Two months from now, the UK Royal Navy’s largest ever warship will be named, before being floated out of its dry dock in Rosyth, Scotland, as the HMS Queen Elizabeth.
The first of two 65,000t vessels to be delivered by the Aircraft Carrier Alliance, the lead ship is still more than four years away from receiving its first visit by the Lockheed Martin F-35 Joint Strike Fighter, and over six from reaching full operational status.
With Her Majesty Queen Elizabeth II to perform the naming act on 4 July, the ship that will bear her name is currently a hive of activity, with around 1,500 workers on board each day installing and testing the systems needed for it to operate with roughly the same complement as the RN’s previous, 22,000t Invincible-class carriers: the last of which, HMS Illustrious, will be retired later this year.
The scale of the new-generation vessel is underlined first by taking the 110 steps from dock-side to its flightdeck, and then by surveying the latter. Roughly 300m (984ft) long and 73m across at its widest point, this “four acres of sovereign real estate” includes the vessel’s signature “ski-jump” ramp, installed from late last year. Approximately 61m long and over 13m wide, this will assist with launching the carrier’s future strike capability: the short take-off and vertical landing F-35B.
Once in use, the Queen Elizabeth will be capable of mounting sustained operations with an embarked air wing of up to 40 aircraft, also including the RN’s AgustaWestland AW101 Merlin HM2 multirole rotorcraft – including airborne early warning examples outfitted via Project Crowsnest – and its Merlin HC4 amphibious support helicopters. Up to 24 F-35s can be accommodated on the flightdeck, which has room for 12 fully-equipped aircraft servicing points.
Below, the ship’s 163m long and 26m wide hangar has room for 20 fighters, and its two aircraft lifts are each capable of transferring a pair of F-35s within 1min. They will also be able to move a Royal Air Force Boeing CH-47 Chinook transport helicopter with its rotor blades still attached, unlike on the navy’s legacy carriers.
The entire flightdeck will eventually be coated with a thermal metal spray, similar to that used in the offshore oil and gas sector. This will feature a unique rough finish, which will last significantly longer than traditional deck paint, which proved inadequate during previous at-sea testing conducted with the US Marine Corps. It will also provide the increased grip essential for aircraft landing using the UK-developed shipborne rolling vertical landing (SRVL) technique, says Eddie Trott, aviation and platform lead (STOVL reversion) for the Aircraft Carrier Alliance.
Flight activities will be managed from the “flyco” flight operations centre, which is contained within the vessel’s aft of two islands. Simulation-based work has already demonstrated that the Queen Elizabeth-class ships will be able to “equal or better” the Ministry of Defence’s required sortie generation rate, says David Atkinson, who is responsible for aircraft to ship integration work on the F-35 for alliance member BAE Systems. The organisation is also formed of Babcock, Thales UK and the Ministry of Defence. Rolls-Royce and GE are responsible for the ship’s propulsion and power systems.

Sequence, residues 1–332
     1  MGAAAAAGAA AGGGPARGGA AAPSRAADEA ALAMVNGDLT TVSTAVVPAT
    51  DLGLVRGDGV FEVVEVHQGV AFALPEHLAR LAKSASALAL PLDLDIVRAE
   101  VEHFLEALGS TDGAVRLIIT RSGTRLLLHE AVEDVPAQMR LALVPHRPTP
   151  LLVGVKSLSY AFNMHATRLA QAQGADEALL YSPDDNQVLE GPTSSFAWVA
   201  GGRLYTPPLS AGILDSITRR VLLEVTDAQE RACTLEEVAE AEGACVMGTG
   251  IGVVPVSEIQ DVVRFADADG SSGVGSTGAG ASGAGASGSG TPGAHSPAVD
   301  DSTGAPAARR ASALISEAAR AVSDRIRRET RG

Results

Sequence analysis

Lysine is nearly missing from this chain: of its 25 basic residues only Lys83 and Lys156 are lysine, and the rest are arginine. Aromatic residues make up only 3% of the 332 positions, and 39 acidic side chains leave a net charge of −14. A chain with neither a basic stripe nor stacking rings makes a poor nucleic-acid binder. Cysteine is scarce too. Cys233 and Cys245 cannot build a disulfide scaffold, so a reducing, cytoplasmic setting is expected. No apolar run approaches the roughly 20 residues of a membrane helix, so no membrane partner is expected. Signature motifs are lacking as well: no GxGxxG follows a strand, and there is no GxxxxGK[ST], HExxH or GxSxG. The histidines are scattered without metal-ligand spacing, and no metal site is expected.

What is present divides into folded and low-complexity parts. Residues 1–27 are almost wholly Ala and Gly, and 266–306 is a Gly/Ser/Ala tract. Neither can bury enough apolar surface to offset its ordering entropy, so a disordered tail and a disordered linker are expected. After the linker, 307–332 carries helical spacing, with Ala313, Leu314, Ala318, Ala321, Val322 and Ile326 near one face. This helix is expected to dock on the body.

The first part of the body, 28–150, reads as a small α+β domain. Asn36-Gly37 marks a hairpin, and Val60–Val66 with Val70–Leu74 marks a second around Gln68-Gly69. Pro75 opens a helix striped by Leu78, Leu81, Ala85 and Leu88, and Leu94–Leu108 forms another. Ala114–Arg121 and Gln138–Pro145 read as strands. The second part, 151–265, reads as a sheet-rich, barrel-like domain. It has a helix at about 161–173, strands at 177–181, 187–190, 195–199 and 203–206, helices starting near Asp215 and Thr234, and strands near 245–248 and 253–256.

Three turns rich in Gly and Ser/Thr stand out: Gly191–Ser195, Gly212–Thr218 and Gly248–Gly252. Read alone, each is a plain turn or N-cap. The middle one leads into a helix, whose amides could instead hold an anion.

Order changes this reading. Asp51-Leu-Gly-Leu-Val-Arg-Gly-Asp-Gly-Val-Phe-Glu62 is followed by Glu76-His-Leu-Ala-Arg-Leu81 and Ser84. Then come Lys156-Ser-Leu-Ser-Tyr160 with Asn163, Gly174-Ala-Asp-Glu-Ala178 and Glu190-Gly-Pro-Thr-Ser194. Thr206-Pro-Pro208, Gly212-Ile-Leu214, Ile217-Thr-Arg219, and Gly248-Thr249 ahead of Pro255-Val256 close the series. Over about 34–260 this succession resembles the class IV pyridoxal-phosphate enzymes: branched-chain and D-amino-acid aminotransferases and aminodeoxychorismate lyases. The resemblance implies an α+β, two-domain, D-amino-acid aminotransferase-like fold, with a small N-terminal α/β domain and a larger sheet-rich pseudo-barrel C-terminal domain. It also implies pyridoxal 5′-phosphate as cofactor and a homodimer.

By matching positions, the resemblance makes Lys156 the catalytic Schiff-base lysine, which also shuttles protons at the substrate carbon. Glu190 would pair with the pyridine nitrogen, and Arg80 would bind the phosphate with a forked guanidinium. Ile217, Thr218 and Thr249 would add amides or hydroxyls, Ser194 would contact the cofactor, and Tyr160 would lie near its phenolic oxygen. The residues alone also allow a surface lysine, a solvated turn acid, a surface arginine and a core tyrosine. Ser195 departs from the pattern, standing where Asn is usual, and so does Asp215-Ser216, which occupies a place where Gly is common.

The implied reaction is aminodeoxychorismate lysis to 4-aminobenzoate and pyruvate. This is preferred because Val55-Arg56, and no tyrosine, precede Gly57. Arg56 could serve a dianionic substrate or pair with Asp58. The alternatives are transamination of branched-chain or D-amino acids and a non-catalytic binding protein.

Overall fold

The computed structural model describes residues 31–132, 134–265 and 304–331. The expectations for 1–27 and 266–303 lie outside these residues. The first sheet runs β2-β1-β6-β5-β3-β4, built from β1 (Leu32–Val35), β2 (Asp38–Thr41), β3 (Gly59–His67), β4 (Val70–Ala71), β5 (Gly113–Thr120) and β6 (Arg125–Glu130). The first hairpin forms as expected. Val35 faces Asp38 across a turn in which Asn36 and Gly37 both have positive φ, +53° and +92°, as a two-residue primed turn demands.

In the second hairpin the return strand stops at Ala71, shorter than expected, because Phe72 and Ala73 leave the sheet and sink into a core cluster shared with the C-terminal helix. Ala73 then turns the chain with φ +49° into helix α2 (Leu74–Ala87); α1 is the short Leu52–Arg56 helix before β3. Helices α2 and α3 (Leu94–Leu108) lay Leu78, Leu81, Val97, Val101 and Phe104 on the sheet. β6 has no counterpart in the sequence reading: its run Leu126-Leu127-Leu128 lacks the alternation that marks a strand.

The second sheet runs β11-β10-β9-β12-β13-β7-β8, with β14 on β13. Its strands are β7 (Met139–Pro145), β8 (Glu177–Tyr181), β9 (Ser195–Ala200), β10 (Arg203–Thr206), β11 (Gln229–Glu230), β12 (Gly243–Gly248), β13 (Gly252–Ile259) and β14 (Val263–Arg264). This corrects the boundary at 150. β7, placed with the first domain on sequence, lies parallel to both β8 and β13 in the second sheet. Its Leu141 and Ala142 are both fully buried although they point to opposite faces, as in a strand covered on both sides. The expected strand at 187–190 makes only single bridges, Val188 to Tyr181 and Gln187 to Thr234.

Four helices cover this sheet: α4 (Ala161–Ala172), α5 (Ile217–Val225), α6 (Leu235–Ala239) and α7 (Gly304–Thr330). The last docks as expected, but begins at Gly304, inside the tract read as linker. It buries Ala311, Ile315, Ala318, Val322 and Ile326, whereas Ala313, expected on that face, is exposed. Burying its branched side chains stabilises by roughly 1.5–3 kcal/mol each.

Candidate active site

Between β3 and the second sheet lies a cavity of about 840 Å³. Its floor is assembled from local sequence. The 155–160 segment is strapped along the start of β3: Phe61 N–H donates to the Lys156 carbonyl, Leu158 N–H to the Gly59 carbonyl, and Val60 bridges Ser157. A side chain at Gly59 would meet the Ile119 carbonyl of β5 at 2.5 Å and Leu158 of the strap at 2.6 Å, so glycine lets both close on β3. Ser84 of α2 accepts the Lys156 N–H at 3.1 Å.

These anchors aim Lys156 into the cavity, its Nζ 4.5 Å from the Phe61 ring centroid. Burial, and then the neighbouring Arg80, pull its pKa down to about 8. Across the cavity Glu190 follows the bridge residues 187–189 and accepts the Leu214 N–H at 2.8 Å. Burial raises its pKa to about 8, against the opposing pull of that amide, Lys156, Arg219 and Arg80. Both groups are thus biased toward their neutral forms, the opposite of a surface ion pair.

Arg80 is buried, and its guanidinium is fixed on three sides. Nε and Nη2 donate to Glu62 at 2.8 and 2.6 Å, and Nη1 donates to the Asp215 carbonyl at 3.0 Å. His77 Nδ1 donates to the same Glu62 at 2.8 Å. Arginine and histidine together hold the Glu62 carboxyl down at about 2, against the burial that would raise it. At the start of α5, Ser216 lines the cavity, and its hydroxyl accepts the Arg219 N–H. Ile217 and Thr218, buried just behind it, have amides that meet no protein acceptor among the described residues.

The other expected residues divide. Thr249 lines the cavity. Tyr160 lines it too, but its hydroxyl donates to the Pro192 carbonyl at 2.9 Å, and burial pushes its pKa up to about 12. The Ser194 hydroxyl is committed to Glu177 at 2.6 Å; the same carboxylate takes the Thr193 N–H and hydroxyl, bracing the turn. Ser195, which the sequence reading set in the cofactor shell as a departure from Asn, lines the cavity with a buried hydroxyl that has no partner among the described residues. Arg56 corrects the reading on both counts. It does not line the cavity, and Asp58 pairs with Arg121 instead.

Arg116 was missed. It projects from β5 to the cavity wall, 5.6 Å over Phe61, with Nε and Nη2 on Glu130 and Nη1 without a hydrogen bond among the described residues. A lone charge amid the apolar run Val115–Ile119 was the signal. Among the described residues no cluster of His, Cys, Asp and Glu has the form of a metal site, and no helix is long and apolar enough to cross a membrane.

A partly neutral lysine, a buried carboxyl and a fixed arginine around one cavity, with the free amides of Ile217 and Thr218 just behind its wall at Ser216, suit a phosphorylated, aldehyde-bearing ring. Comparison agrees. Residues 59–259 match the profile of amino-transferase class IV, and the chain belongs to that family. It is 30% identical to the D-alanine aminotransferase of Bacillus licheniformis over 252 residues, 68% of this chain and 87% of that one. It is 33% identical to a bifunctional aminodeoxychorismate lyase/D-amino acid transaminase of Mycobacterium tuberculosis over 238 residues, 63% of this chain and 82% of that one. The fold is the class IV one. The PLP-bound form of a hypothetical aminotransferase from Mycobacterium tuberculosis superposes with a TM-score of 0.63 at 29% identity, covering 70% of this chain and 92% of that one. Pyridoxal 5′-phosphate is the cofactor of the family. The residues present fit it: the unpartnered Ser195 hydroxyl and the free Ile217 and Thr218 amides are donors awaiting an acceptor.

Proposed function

Trials are scheduled to take place off the eastern seaboard of the USA in the fourth quarter of 2018, involving at least two of the UK’s initial operational test and evaluation examples of the F-35B. Only at that point will the UK be able to test its SRVL technique under embarked conditions: an advance that will also be of great interest to the USMC.
For now, large-deck carrier experience is being gained by RN personnel via a special skills programme agreement with the US Navy, which currently includes having deck handlers and pilots on the USS Harry S Truman.
The UK has so far received three test-phase examples of the F-35B, with a fourth now on order to support its training activities in the USA. A recently anticipated contract signing for its first 14 operational jets has yet to be made, with the delay attributable to ongoing cost uncertainty, driven by the US Department of Defense’s fiscal year 2015 budget approval process.
Back on the Queen Elizabeth, the vessel’s innovative highly mechanised weapon handling system is also taking shape. This will transfer bombs and missiles loaded during replenishment at sea down to its lower decks using multistorey lifts. When required, these munitions will be brought up and through the ship using a rail-equipped network of storage and fitting rooms, before being moved to the flight deck for aircraft loading. The technology will reduce the number of people involved in such work from around 400 on the Invincible-class carrier to a maximum of 120.
The new ship will have a permanent crew of 679 personnel, but should typically operate with 850, with the capacity to accommodate up to 1,600.
After leaving dry dock in July, the lead vessel will undergo systems outfitting until December 2015. Sea trials should begin in August 2016, and customer acceptance is scheduled for May 2017. The latter represents a massive task, with the MoD required to individually sign off each of the vessel’s 3,013 separate compartments.
“The delivery date for ship one is hugely reputational for us, but the success of the programme is in the delivery of ship two,” says Paul Rafferty, project management planning and controls director for the Aircraft Carrier Alliance.
The first blocks for the Prince of Wales are scheduled to arrive in Rosyth this August, with its structure scheduled to be complete in July 2016 and customer acceptance due in August 2019. However, Rafferty says the alliance partners are “working hard at the moment to accelerate that”.
Source: Flight International